Family Research Council Files Amicus Brief in US Supreme Court Marriage Case
FOR IMMEDIATE RELEASE: April 8, 2015
CONTACT: J.P. Duffy or Alice Chao, (866) FRC-NEWS or (866)-372-6397

Family Research Council Files Amicus Brief in US Supreme Court Marriage Case


WASHINGTON, D.C. – On March 31st, Family Research Council filed an amicus curiae brief with the U.S. Supreme Court concerning the upcoming April 28th hearing in which the Court will review state definitions of marriage as the union of one man and one woman. These cases have been consolidated under the name of Obergefell v. Hodges.

FRC’s brief debunks the argument that the “fundamental right to marry” includes a right to marry a person of the same sex, as well as the contention that limiting marriage to opposite-sex unions constitutes a form of sex discrimination.

The brief also challenges the argument that the male-female marital definition discriminates on the basis of sexual orientation, noting that issuers of marriage licenses have never inquired into the sexual orientation of the (opposite-sex) spouses-to-be.

In a unique observation, FRC highlights (and lists in an appendix) previous same-sex marriage court cases in which one or more of the plaintiffs acknowledged that they had previously been legally married to a person of the opposite sex. This observation demonstrates either that sexual orientation is not immutable, that same-sex-attracted individuals are able to obtain marriage licenses, or both.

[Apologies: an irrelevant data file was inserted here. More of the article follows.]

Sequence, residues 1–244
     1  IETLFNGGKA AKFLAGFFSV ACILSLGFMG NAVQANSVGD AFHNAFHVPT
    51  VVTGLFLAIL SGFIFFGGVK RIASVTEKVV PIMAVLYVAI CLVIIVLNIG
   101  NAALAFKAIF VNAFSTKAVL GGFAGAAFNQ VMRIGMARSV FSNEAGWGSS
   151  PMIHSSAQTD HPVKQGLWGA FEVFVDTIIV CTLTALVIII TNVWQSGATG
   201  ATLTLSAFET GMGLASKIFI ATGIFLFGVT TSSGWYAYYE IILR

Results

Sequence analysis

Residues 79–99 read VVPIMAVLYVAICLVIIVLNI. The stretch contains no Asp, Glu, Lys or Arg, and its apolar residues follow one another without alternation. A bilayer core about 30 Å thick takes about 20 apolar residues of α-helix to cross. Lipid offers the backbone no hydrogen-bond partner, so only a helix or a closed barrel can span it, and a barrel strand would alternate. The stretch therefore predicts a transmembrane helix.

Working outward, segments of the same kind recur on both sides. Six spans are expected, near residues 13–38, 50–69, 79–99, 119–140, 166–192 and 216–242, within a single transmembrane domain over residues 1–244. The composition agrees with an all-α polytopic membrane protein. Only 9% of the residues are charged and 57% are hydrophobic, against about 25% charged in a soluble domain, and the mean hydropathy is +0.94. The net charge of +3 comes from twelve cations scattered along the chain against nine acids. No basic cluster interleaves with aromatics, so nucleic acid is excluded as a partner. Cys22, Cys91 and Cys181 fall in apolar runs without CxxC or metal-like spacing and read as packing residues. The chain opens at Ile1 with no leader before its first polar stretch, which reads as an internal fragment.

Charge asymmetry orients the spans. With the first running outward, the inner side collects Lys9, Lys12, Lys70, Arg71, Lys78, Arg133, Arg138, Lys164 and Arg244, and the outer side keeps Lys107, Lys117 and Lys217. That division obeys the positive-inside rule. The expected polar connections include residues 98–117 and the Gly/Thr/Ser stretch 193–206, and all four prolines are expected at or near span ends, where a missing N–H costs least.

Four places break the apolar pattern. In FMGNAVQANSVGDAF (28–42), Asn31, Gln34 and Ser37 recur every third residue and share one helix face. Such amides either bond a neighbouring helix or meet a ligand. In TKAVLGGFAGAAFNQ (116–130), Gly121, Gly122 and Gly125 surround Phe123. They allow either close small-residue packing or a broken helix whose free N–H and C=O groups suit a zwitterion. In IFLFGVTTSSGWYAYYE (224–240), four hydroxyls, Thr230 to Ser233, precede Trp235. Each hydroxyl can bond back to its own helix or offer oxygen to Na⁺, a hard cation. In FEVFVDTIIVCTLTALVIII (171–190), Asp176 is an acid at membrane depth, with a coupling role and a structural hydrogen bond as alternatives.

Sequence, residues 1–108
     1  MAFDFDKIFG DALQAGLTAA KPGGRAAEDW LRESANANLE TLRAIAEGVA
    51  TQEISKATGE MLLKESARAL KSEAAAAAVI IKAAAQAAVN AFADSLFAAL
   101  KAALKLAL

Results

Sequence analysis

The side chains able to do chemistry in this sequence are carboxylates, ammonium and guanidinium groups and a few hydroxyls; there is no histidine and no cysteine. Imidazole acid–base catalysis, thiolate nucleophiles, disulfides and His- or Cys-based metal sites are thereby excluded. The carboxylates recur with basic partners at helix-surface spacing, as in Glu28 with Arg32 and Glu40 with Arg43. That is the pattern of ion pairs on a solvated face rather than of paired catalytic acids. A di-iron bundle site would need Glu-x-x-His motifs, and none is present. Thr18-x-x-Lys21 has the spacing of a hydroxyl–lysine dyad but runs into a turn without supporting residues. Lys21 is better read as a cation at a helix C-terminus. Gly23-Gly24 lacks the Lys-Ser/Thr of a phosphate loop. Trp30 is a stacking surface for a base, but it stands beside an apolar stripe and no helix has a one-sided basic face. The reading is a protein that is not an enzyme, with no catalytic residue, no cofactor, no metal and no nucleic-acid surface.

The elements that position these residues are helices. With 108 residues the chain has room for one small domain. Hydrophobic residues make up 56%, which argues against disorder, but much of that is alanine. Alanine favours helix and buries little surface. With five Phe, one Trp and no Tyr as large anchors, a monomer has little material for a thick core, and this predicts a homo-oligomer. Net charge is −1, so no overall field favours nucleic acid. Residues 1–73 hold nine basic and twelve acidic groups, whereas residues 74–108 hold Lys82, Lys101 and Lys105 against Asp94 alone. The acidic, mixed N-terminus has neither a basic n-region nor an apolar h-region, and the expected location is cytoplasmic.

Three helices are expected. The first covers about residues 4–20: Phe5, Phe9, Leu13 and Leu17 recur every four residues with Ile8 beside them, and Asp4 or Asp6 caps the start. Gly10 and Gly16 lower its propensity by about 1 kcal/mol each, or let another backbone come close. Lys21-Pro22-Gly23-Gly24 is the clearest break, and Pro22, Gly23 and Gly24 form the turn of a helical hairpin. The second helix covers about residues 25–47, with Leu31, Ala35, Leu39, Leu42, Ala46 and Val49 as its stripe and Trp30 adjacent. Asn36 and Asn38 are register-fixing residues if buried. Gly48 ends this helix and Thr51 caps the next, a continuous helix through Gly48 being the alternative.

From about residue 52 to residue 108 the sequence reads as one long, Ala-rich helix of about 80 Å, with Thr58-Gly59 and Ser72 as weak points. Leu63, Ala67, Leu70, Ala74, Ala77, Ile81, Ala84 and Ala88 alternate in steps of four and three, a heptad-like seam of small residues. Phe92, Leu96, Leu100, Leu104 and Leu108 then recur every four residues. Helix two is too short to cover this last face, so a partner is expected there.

Family Research Council President Tony Perkins released the following statement:

“The American people will not accept marriage redefinition by judicial fiat from any court including the Supreme Court. Americans have not reached a ‘broad social consensus’ on the redefinition of marriage. The Justices need to remember this fact. Judges should not impose on the states something that will only cause deep social division. We continue to hear the narrative from those seeking to redefine our most basic social institution that thirty-seven states have same-sex ‘marriage.'

“In reality, voters in only three states have endorsed redefining marriage.

“Americans should be free to uphold marriage as it has always been defined, the union of a man and a woman,” concluded Perkins.

To review FRC’s amicus brief, please see: http://downloads.frc.org/EF/EF15D21.pdf

To review the results of the survey, click here: http://downloads.frc.org/EF/EF15B71.pdf

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